by Kim Malville
The skies of July
During the warm nights of July the Milky Way is at its best. The constellation of Scorpius lie to the south. It’s a wonderful area of the sky because it actually looks like a scorpion with a curved tail containing pinchers (also called “cats eyes”). Its brightest star, Antares, which is the beating red heart of the scorpion, is a red supergiant, one of the largest stars in the Milky Way galaxy, some 700 times larger than our sun. Its golden orange color can be enhanced and enjoyed by using binoculars. Just to the west of Antares is a globular cluster, M4, a mere 7200 light years from us. It is one of the most beautiful clusters to be seen in binoculars. Give it a try some evening. The area of Scorpius is full of star clouds and star clusters of the Milky Way, all of which will show up nicely in binoculars.
Further to the east of the scorpion is the constellation of Sagittarius, which becomes nicely visible in the early evening next month. It contains the center of the galaxy and even more brilliant star clouds and nebulae. Sagittarius is also the area of the sky where Pluto now resides. The New Horizons Spacecraft is heading toward Sagittarius, where it will rendezvous with Pluto next year.
Off to the west is where the action is taking place this month. In the constellation of Virgo, Mars is moving rapidly eastward toward its brightest star, Spica. Because Mars is our closest planetary neighbor beyond the earth, you can discern its movement with respect to the background stars, over a period of days. At the beginning of July it is well to the west of Spica, but on July 13, it achieves conjunction with Spica. It should be a great sight, blue-white Spica and yellow-orange Mars, practically colliding with each other.
The constellation of Scorpius
July 3: Earth is at its farthest distance from the sun, some 3.3% further than in January. If the axis of the earth were not tilted, this would be our winter season, all over the earth. But the tilt dominates and results in much more energy reaching the northern hemisphere on June than in December.
July 5: The half moon is very close to Mars and will actually cover it as seen from Hawaii and parts of Latin America.
July 7: Look for the moon close to Saturn tonight. In the southern part of South America the moon will cover Saturn.
July 13: Mars moves north of fainter Spica.
July 14: A year from now we will get our first close-up view of Pluto thanks to New Horizons spacecraft.
July 28: A modest meteor shower comes out of Aquarius for a few days around this date.
Pluto, the fascinating dwarf
On July 14, 2015, the Pluto system is due to be visited by a spacecraft from earth for the first time, when the New Horizons probe will fly within 6000 miles of the surface of the dwarf plant. The space craft, which was launched in January 2006, will be moving with a speed of 30,000 miles per hour. It now is only some 280 million miles away from Pluto, having already covered some 3 billion miles. When that magical moment of rendezvous arrives, can you imagine the incredible stress upon the astronomers who organized the mission?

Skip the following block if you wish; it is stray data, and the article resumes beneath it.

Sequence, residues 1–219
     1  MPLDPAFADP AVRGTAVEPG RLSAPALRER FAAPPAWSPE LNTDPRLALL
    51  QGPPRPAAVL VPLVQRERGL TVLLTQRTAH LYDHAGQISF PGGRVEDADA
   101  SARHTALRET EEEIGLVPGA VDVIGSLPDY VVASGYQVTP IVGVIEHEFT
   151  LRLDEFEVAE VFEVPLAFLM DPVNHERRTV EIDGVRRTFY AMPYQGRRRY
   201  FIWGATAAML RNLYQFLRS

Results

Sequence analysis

Pluto was demoted to the status of a dwarf planet by a vote of astronomers at a meeting of the International Astronomical Union in Prague in 2006. In the interest of full disclosure, I was at the meeting and was among those who voted to demote Pluto. The fact that the New Horizons probe had been launched to Pluto just six months earlier played no role in this decision. Regardless of what we choose to call it, Pluto is still a very interesting object that had not yet been explored.
Pluto has five known moons: Charon, the largest, with a diameter about half that of Pluto, and tiny Nix, Hydra, Kerberos, and Styx. Because Pluto and Charon are so close in size and distance they can be considered a binary or double planet. The only other planet and moon in the solar system which could be a double planet are the Earth and our moon. The best explanation is that there was a colossal collision with another object some billions of years ago. In the case of the earth, a blob of semi-molten matter condensed to become our moon. In the case of Pluto, which is a mixture of rock and ice, much of that ice may have evaporated in the collision to become an object more rocky than Pluto. Our moon seems to be made of material very similar to the Earth’s crust and not like our more metallic interior. Mercury appears also to have suffered a major collision, which tore off its crust but didn’t result in a moon. Mercury is the only planet without a moon.
Charon and Pluto are also unusual in that each is tidally locked to the other. Charon always presents the same face to Pluto, and Pluto always presents the same face to Charon. From any point on the surface of Pluto facing Charon, the moon never moves from its position in the sky. On the other hemisphere of Pluto, Charon would never be visible.
Recent measurements have revealed that Pluto has a thin atmosphere of nitrogen, methane and carbon monoxide. Considering that its temperature of minus 229°C, it is surprising that it has any atmosphere at all. All of the gas should have frozen out years ago. Further adding to the mystery, it appears that gas may flow back and forth between Pluto and its moon. If this is confirmed, Pluto and Charon would be the first known example of a planet and moon that share a common atmosphere. The gas of its atmosphere could come from geysers on either Pluto or Charon or be the result of a recent comet impact. Only a dwarf and perhaps a jester, Pluto will have a good story to share next year.